Amid investigations and court cases into rape charges against several Baylor University football players, the school’s Board of Regents removed Kenneth Starr from his position as Baylor University president, at least according to one website.
Starr, who has been BU’s top man for six years, is not being completely ushered out of the door, though, and has been offered a leadership position at the BU law school, according to HornsDigest.com.
The former prosecutor and one-time dean of Pepperdine University School of Law has the option to take a buyout and leave the university. It is also reported he brought counsel with him to the recent meeting with the board.
But the school denies making a decision on Starr.
“The Baylor Board of Regents continues its work to review the findings of the Pepper Hamilton investigation and we anticipate further communication will come after the Board completes its deliberations,” spokeswoman Tonya Lewis maintained in a statement. “We will not respond to rumors, speculation or reports based on unnamed sources, but when official news is available, the University will provide it. We expect an announcement by June 3.”
Serious charges have been made against five BU football players, including Tevin Elliott and Sam Ukwuachu. Elliott was later convicted of the crime. In addition only a month ago new charges of rape resulted in the arrest of former BU player Shawn Oakman.
According to the Horns report on the matter, Baylor removed Starr because he refused to act on several past reports of the rapes going back as far as 2009, a year before he assumed office.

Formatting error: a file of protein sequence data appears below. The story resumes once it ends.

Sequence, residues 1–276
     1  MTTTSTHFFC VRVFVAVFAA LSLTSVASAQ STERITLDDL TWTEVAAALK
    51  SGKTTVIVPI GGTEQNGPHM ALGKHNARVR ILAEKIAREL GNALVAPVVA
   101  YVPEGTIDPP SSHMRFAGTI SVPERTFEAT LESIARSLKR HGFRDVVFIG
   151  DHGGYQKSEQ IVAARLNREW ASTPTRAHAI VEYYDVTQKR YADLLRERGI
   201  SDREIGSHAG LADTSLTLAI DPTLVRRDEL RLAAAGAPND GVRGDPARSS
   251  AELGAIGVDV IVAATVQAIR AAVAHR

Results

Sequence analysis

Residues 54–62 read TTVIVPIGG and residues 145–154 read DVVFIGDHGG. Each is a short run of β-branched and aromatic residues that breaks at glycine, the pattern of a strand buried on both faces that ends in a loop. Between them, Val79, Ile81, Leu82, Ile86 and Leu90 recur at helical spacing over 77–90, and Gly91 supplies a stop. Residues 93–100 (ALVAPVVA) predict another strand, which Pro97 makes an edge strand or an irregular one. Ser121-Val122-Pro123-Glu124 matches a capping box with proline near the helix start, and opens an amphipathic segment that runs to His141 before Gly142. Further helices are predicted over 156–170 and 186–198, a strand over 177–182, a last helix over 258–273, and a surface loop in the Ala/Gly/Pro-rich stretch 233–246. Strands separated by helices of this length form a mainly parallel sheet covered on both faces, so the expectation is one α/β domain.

The charges against former defensive end Tevin Elliott resulted in the player’s conviction and 20-year prison sentence for multiple rapes of several victims.
No action was taken against head coach Art Briles, however, a move which some on campus criticize.
Starr, who initially came to the public eye as the man who prosecuted President Bill Clinton for corruption in the 1990s, made other news this week after publicly decrying the “populist” state of the 2016 election cycle and amazingly hinting Bill Clinton had somehow “redeemed” himself from past wrongdoing.
In an interview reported by The New York Times, Starr called Clinton’s past “tragic,” and essentially went on to exonerate him.
“That having been said, the idea of this redemptive process afterwards, we have certainly seen that powerfully” in Clinton’s post-presidency. Starr added “President Carter set a very high standard, which President Clinton clearly continues to follow.”
If Starr’s comments were meant to endear him to the left, they don’t appear to have saved his job at Baylor.
Follow Warner Todd Huston on Twitter @warnerthuston or email the author at email@example.com